In a wide-ranging report,The Scientific Century: Securing Our Future Prosperity, the Royal Society makes its case for government investment in scientific research and improving education in the sciences.
Warning of the dangers of any crude assessment of research impact, the report nonetheless regards recent clarifications from HEFCE regarding this element of the Research Excellence Framework (REF) as being reassuring. It goes on to warn against the effects of any cuts in funding to academic scientific research, with a reminder how cuts in the mid-1980s led to researchers struggling “to remain at the cutting edge of their disciplines, using old equipment that they could not afford to replace”. Investing in scientific research now, they argue, is vital: “Science and innovation are investments that are essential to short-term recovery and, more importantly, to long-term prosperity and growth.”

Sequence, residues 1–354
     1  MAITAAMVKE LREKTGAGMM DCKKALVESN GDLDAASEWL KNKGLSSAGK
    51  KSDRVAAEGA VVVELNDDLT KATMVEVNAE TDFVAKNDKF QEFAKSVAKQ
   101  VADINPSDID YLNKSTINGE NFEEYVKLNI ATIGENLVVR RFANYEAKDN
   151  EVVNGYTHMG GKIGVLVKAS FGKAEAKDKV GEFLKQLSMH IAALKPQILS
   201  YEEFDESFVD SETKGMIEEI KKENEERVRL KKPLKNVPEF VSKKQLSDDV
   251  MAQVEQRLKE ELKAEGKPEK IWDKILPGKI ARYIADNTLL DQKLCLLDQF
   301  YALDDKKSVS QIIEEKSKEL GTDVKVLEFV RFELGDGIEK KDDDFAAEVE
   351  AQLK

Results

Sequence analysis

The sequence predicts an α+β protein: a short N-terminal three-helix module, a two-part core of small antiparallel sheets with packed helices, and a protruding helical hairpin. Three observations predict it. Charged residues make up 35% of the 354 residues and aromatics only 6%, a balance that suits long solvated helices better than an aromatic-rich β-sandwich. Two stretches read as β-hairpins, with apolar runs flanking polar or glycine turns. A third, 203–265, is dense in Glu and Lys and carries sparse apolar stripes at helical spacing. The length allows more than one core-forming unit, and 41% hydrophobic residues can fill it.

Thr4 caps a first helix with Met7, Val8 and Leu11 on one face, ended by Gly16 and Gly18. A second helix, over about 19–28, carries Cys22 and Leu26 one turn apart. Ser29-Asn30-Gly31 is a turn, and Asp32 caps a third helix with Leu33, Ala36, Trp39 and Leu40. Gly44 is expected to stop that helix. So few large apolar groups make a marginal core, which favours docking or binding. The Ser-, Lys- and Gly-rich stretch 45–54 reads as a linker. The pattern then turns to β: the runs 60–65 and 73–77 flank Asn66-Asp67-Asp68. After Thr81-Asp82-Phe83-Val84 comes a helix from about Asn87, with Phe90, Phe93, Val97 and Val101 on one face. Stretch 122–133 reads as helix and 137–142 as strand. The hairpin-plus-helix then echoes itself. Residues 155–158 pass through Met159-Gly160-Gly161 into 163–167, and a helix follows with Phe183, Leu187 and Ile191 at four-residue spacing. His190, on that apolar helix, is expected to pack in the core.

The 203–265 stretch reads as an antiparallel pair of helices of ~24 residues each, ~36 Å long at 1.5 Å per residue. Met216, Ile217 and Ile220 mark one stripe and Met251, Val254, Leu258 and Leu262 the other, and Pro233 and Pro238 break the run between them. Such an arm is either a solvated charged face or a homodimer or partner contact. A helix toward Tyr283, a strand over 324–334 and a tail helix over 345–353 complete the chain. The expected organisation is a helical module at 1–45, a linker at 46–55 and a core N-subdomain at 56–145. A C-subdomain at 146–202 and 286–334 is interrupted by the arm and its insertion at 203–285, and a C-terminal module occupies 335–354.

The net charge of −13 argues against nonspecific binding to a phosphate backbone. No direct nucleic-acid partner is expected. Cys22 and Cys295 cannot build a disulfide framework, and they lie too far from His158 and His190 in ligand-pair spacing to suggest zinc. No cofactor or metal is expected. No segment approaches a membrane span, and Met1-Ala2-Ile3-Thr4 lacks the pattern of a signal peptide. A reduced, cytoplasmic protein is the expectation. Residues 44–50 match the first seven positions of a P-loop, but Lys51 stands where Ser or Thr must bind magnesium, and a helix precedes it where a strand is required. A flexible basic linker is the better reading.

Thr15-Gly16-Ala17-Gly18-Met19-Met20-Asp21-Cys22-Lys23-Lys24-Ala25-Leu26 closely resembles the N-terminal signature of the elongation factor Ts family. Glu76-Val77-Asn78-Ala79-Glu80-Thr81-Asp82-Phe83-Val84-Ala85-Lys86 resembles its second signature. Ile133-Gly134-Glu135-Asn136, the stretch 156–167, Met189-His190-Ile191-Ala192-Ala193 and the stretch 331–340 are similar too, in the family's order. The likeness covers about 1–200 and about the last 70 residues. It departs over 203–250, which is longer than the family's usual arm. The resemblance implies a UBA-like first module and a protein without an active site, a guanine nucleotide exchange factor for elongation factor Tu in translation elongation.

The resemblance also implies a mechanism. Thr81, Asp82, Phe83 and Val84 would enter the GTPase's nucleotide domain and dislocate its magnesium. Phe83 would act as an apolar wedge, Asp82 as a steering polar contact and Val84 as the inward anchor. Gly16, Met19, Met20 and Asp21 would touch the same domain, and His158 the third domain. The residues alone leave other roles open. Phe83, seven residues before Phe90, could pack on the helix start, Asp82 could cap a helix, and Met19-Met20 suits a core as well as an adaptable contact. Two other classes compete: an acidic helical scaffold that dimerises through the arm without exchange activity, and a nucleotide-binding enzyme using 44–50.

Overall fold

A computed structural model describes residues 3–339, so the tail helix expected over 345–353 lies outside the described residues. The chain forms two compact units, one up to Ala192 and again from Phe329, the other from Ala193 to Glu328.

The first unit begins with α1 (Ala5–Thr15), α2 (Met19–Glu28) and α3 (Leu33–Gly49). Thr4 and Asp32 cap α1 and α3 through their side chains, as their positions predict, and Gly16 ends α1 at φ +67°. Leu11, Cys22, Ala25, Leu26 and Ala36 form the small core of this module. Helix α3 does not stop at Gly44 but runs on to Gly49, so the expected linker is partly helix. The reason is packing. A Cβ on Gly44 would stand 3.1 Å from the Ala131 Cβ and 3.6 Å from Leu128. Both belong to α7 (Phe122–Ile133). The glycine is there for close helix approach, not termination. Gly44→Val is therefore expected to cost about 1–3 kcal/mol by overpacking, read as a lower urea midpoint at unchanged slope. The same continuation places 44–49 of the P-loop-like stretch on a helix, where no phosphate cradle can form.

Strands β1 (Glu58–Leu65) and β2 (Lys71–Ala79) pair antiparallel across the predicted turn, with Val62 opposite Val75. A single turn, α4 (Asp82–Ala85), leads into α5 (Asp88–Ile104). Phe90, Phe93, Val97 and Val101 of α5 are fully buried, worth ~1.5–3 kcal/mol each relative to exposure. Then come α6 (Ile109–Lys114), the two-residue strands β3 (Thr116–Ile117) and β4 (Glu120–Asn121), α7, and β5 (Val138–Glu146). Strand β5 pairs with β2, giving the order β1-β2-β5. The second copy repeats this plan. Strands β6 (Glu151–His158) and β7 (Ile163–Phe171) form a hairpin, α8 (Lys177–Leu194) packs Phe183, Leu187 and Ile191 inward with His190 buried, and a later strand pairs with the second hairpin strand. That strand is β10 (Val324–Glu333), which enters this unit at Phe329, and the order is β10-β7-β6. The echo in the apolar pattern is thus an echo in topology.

Recommendations of the report align strategically with investment in: interdisciplinary research (including a call for a reform of research funding and assessment in relation to this); overseas collaboration; improved skills training (including ‘transferrable skills’) for PhD students in the sciences; and a call to create “strong global challenge research programmes, led by RCUK, to align scientific, commercial and public interests”.
The report can be read in full on the Royal Society website at:http://royalsociety.org/the-scientific-century/